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Review: Josie and the Pussycats #8

Josie8In the penultimate issue of Josie and the Pussycats #8, the band does Japan with the Archies in tow. Writers Marguerite Bennett and Cameron DeOrdio also bring a boatload of romantic angst to their script as Alexandra Cabot (who recently became friends with Josie again) becomes friends with benefits with the Pussycats’ manager Alan M, who broke Josie’s heart a few issues back. Audrey Mok and Kelsey Shannon’s art is glorious per usual, and they get to fly high fashionwise when the Pussycats and Archies visit the Harajuku District, which ends up to be a calculated move in former supervillain, Alex Cabot’s bid to be their new manager.

The crossover with the Archies is handled in DeOrdio and Bennett’s usually clever way as Alex slips that it was a “PR move” on Josie’s part to let a bunch of cool teens who believe the world revolves around them (Except for Jughead, duh.) open for them. This joke has another, meta, comic book industry level because companies often bring in more popular characters to save lower performing books from cancellation, which is like Deadpool’s only job. And who’s more popular at Archie Comics than Archie? The Archies are used mainly for comedy/cliffhanger setting up, but Deordio, Bennett, Mok, Shannon, and colorists Kelly Fitzpatrick and Matt Herms include a wonderful shopping montage featuring Veronica and Melody, who bond over great outfits and selfie filters.

Other than the frankly insane and Saturday morning cartoon type ending, the main conflict in Josie #8 comes from the not-so-great people that still have an influence onjosieInterior the band, namely, the Cabot siblings and Alan M. Alan M and Alexandra spend most of the issue eating tasty ramen and having cringeworthy banter about their relationship status. It’s the dark mirror of the Josie/Alan M adorableness in Josie #4 so Fitzpatrick and Herms’ palette is more restrained and not so romantic. They do pour on the intense blues and pinks when Josie finds out about their tryst in an extremely emotional sequence. Josie, Valerie, and Melody are a cool right now, but they should really find a new manager who isn’t a total player or supervillain-turned-sycophant, who makes random Sean Connery references. Those kind of people are great for drama purposes though.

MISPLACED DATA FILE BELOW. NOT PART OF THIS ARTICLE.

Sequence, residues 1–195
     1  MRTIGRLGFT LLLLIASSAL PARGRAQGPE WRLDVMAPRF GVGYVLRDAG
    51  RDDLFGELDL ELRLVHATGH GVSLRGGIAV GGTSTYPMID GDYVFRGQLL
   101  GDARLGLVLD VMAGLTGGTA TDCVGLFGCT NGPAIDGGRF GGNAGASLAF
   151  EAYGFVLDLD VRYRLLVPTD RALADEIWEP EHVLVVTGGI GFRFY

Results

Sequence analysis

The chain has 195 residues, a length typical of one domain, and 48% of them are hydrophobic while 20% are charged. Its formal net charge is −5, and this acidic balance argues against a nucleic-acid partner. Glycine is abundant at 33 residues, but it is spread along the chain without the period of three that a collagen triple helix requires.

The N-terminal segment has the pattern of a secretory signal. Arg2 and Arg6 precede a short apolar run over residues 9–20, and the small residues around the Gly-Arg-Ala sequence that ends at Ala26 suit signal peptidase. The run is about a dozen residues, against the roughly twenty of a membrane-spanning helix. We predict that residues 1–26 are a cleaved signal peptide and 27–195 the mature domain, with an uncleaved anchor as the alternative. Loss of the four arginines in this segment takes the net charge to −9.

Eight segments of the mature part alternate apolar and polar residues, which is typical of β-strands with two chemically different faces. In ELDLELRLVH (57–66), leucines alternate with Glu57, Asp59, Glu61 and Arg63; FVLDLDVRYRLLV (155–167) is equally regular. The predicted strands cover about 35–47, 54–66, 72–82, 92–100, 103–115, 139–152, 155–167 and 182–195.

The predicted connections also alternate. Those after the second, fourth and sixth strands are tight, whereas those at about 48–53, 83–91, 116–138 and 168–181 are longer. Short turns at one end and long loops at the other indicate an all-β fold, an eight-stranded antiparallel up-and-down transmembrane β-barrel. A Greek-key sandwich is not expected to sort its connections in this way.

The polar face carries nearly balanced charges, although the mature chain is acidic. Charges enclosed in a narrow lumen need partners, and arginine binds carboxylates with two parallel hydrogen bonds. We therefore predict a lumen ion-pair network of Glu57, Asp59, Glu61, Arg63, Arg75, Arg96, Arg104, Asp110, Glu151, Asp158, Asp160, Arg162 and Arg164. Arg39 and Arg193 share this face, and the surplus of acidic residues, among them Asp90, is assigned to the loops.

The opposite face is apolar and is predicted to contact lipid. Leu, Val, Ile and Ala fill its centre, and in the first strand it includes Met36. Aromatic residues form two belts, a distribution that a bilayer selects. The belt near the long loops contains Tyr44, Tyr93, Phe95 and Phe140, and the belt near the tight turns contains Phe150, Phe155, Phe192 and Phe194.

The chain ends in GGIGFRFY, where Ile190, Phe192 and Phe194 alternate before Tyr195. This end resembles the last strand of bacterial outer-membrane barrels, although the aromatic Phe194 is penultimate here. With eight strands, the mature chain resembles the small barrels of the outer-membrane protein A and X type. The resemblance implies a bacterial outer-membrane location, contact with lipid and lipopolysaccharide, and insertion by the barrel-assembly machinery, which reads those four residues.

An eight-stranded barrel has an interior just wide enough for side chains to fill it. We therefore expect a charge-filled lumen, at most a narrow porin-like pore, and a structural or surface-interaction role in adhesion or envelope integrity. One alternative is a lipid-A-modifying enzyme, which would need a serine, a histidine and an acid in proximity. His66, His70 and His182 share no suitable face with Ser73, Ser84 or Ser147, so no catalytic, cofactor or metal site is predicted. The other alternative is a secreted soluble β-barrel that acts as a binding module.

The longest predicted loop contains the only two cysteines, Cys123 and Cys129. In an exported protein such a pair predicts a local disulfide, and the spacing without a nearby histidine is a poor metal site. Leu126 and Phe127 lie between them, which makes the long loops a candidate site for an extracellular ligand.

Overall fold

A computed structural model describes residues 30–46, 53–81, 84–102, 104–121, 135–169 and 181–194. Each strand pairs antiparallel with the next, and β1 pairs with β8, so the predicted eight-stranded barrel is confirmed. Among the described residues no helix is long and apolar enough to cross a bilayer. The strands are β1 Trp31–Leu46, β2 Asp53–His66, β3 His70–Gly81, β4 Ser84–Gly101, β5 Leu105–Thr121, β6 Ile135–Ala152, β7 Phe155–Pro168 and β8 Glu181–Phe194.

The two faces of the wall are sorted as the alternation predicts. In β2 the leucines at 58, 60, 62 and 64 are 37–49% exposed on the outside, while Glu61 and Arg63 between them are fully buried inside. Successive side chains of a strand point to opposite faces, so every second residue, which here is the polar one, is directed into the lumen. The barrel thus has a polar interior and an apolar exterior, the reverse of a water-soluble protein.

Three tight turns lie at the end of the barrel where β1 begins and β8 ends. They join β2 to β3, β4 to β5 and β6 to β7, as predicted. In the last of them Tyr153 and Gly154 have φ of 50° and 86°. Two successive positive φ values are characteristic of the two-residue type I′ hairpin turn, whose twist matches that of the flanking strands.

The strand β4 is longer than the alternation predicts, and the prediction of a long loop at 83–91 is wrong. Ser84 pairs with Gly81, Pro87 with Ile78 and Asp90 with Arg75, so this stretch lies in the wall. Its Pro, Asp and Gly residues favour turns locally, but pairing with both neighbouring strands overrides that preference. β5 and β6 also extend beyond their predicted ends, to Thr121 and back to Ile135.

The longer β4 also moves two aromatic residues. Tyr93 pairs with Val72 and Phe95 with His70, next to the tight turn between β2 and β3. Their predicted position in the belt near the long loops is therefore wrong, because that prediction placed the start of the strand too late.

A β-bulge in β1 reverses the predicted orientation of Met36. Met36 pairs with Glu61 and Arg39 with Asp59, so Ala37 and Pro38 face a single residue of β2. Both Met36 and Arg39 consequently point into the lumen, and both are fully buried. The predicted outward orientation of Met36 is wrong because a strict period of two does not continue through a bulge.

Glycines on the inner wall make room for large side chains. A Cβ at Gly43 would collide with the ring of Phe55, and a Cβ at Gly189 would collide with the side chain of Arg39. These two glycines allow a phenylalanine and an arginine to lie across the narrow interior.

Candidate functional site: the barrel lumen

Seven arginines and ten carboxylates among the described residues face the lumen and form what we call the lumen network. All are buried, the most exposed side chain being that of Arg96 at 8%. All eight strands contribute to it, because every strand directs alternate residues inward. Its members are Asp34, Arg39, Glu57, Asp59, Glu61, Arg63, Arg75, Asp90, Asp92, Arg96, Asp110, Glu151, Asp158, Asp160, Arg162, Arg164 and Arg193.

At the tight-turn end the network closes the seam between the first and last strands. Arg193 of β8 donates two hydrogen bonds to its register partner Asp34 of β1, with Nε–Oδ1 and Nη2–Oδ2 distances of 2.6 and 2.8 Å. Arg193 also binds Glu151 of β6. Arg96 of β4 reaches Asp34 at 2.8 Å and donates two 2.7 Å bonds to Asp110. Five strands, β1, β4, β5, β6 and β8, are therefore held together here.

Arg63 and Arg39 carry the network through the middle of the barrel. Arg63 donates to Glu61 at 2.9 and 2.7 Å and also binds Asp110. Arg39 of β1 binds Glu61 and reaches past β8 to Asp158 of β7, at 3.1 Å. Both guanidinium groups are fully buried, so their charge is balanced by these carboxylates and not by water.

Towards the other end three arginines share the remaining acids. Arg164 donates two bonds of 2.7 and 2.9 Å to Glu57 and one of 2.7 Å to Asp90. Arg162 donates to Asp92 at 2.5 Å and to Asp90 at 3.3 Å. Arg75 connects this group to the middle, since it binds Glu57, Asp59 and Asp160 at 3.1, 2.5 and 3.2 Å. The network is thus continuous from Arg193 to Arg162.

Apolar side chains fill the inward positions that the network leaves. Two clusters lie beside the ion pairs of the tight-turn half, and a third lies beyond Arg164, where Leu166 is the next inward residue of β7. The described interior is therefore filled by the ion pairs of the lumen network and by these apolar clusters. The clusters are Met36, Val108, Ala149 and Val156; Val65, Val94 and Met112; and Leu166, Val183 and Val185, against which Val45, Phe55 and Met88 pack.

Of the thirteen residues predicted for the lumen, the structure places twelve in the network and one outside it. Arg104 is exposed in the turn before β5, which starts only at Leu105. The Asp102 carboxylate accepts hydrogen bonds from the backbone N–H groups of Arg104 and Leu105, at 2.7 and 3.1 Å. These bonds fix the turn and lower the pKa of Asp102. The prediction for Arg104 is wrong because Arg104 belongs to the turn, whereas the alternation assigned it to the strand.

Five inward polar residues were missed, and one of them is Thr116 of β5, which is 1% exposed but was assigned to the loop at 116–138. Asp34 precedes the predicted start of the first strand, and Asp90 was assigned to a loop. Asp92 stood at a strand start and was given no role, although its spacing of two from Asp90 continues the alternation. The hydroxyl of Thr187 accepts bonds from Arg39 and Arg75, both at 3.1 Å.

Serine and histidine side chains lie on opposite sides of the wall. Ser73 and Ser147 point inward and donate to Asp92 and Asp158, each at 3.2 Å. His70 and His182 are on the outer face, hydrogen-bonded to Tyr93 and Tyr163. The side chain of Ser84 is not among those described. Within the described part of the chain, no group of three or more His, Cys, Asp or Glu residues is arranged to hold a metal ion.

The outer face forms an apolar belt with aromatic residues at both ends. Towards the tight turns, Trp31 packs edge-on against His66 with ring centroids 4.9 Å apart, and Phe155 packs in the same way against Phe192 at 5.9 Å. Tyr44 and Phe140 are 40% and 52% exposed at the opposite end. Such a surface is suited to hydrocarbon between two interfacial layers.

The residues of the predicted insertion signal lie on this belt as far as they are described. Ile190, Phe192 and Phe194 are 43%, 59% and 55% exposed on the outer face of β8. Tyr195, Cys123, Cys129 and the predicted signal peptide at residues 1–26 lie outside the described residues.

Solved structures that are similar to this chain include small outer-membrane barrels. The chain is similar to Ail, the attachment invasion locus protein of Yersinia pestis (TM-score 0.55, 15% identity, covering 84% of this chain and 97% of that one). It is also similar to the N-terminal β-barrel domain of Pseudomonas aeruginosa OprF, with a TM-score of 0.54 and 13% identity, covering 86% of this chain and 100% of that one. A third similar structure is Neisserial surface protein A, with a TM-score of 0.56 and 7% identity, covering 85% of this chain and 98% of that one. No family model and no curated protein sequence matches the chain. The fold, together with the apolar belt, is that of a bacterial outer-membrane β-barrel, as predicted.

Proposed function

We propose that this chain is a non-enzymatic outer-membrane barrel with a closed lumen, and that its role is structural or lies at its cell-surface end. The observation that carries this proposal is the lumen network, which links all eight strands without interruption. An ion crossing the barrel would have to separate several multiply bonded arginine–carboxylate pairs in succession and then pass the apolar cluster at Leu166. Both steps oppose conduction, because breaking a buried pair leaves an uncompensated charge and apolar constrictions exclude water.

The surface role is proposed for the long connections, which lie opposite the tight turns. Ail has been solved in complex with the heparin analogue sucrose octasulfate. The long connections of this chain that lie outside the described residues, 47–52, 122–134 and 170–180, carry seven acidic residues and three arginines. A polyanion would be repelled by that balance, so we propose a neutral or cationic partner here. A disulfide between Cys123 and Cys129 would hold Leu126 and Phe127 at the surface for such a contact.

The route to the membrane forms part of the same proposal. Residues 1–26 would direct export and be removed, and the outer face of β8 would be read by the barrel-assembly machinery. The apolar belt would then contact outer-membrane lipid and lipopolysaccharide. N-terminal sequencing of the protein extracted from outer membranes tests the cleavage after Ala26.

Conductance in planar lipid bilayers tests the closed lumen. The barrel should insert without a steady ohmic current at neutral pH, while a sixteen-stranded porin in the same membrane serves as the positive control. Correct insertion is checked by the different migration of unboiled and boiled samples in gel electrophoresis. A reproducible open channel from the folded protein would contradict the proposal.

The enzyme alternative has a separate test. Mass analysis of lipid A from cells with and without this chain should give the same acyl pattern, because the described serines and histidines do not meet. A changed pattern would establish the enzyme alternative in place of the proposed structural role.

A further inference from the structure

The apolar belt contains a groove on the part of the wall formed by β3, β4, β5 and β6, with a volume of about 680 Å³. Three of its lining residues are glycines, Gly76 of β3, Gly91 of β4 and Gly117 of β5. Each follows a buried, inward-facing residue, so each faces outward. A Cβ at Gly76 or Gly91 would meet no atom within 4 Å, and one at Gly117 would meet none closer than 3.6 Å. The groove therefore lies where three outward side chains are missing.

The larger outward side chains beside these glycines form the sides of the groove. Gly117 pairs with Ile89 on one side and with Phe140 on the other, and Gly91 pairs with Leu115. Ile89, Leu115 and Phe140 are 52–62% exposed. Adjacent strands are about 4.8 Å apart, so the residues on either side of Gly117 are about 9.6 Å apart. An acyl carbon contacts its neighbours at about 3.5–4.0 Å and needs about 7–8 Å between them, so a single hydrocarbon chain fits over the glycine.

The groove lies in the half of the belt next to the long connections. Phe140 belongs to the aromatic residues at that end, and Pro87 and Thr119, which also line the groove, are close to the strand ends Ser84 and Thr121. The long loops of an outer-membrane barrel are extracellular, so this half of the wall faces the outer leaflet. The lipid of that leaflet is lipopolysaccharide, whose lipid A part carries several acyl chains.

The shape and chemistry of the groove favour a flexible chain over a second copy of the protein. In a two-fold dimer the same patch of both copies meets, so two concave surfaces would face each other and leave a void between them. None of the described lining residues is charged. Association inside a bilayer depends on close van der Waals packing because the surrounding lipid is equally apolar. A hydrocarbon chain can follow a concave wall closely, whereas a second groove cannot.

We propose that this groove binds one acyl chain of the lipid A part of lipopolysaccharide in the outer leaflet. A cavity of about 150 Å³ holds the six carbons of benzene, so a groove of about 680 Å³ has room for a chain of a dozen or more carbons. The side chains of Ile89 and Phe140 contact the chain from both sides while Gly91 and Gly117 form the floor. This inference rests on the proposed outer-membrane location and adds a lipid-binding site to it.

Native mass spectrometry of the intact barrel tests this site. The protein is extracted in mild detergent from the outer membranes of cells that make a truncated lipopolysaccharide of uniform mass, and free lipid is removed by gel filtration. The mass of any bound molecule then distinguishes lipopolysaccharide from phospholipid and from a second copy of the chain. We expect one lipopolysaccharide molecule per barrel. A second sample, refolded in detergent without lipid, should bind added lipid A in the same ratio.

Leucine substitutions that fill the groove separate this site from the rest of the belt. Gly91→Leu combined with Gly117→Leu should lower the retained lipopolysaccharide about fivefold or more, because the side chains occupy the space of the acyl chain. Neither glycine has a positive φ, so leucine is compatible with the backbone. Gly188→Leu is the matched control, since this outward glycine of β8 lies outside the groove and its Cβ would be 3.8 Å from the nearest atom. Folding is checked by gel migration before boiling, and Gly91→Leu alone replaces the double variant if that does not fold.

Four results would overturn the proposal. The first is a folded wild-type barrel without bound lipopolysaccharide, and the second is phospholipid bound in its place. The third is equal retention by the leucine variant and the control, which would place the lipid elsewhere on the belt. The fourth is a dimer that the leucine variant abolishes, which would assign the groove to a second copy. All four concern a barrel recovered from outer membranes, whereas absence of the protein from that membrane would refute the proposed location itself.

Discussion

In Josie and the Pussycats #8, Audrey Mok and Kelsey Shannon demonstrate that they’re the perfect artists to draw high grade angst with close-up shots of Josie and Alexandra crying over their shared soft boy experience. This builds nicely from a quick shot/reverse shot sequence at the Shinto festival the bands go to where Josie almost puts together the Alexandra/Alan M shaped pieces and is cushioned in a few panels that focus on Josie, Valerie, and Melody’s flawed, yet amazing friendship. Yay, hugs!

Josie and the Pussycats #8 has comedy, sadness, and a few great Jughead one-liners plus Audrey Mok and Kelsey Shannon’s intricate attention to costuming and setting, which makes me excited for Mok taking over as the main artist on Archie. Marguerite Bennett and Cameron DeOrdio craft a solid story out of the lingering feeling Josie has for Alan M plus the drama bomb that is the Cabot siblings and then go bonkers at the end because the next issue is the last one.


Story: Marguerite Bennett and Cameron DeOrdio Art: Audrey Mok and Kelsey Shannon Colors: Kelly Fitzpatrick and Matt Herms
Story: 8.5 Art: 9.0 Overall: 8.7 Recommendation: Buy

 Archie Comics provided Graphic Policy with a FREE copy for review